The offensive nature

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Oros

Senior Member
Korean
I know it is offensive to say the following:

1. You are a fat man/woman.

2. You are an old man/ old woman.


I am a skinny a person. I weigh just 61-62 kilos.

If someone said that I am a skinny man, it is fine by me.

Generally speaking, to tell someone that he/she is a skinny person is allright by me.

Is it offensive in AmE or BrE?
 
  • VenusEnvy

    Senior Member
    English, United States
    Oros said:
    I know it is offensive to say the following:

    1. You are a fat man/woman.

    2. You are an old man/ old woman.
    Yes, you're right.

    #2 isn't so offensive . . . .


    Oros said:
    If someone said that I am a skinny man, it is fine by me.

    Generally speaking, to tell someone that he/she is a skinny person is allright by me.

    Is it offensive in AmE or BrE?
    No, it is not offensive at all in AmE. In fact, it may be taken as a compliment.
     

    Kelly B

    Senior Member
    USA English
    Hello,

    "Thin" and "slender" are compliments; "skinny" is not. It has an implication that the person is too thin, and perhaps that he lacks muscle tone.
     

    VenusEnvy

    Senior Member
    English, United States
    Kelly B said:
    "Thin" and "slender" are compliments; "skinny" is not. It has an implication that the person is too thin, and perhaps that he lacks muscle tone.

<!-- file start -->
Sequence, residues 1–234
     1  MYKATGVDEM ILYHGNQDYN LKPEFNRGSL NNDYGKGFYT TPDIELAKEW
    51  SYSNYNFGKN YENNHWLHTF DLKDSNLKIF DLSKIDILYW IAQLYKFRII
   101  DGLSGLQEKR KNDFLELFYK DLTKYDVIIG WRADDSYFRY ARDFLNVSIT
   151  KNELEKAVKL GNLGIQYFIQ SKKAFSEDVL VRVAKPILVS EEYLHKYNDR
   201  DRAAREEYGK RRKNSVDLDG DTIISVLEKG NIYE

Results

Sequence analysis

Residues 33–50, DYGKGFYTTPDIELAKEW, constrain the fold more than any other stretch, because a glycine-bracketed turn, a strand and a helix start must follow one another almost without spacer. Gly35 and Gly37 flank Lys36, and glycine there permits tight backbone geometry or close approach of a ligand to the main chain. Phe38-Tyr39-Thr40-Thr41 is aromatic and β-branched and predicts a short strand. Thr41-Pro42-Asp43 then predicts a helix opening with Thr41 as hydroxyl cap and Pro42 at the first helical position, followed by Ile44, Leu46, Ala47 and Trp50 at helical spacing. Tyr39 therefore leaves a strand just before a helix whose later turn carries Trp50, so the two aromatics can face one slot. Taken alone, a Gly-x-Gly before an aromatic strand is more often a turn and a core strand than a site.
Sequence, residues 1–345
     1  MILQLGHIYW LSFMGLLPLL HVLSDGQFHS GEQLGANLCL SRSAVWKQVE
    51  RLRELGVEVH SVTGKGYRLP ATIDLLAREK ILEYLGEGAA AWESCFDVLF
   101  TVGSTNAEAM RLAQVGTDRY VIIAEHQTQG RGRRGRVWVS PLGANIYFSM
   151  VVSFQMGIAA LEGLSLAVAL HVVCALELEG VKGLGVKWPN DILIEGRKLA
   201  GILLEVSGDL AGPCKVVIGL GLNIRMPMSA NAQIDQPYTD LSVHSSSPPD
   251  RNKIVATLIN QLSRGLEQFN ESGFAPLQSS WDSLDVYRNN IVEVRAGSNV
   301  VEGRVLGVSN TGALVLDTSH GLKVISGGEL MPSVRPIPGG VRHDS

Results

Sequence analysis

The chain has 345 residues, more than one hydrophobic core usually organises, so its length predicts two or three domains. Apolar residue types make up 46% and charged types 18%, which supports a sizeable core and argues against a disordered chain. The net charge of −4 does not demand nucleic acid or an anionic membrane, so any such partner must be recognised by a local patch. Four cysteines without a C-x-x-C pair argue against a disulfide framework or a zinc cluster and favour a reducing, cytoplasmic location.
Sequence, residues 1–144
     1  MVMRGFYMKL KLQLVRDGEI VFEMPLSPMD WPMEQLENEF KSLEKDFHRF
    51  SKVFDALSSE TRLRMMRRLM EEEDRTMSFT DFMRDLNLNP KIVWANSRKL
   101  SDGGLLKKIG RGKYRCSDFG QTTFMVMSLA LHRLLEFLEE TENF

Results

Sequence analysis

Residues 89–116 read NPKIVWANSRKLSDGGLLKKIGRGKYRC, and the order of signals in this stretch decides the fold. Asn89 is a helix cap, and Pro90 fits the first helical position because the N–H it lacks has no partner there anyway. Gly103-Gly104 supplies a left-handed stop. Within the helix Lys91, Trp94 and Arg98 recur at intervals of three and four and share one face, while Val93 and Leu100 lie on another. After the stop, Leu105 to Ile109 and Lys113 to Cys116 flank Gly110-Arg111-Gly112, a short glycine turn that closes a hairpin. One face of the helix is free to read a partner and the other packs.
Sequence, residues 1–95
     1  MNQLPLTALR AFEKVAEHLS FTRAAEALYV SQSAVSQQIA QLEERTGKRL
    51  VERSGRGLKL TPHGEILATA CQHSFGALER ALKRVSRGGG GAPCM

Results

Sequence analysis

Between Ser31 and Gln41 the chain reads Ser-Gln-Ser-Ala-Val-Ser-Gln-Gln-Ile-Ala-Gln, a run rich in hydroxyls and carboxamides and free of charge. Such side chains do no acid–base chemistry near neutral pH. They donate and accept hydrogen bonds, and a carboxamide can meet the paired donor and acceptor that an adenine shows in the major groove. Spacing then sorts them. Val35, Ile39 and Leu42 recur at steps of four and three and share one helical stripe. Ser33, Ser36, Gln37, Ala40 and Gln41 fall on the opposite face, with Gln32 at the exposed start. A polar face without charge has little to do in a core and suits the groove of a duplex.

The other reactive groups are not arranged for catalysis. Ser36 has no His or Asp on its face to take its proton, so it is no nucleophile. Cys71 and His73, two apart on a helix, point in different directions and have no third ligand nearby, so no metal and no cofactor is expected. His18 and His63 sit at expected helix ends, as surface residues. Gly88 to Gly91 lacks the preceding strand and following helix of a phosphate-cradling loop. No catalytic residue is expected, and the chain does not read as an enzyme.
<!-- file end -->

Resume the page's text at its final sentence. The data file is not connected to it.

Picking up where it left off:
Ahh, thank you, Kelly.

    I should clarify:
    If a man is called "skinny", it usually carries the implication that Kelly has mentioned. That is, being weak, or not having muscle tone.
    If a woman is called "skinny", it is usually taken as a compliment.

    My opinions are only products of my experiences . . .
     

    panjandrum

    Lapsed Moderator
    English-Ireland (top end)
    Skinny comes somewhere in the long list that ranges from positive (like slender) to negative (scrawny). The order of that list is culture-dependent, as is the point at which it moves from positive to negative.
     

    Sophie Elizabeth

    Senior Member
    UK, English
    I have to say, as a woman, I wouldn't take it as an outright insult if someone told me I was skinny but I wouldn't be pleased either because I would wonder why they said it. If they were trying to compliment me, they would have said "slim" "slender" or even "thin". Skinny does imply, to me, too thin. If a girl said it, I would think it was a jibe, if a boy said it I would think that he just doesn't get the subtleties of these phrases!!!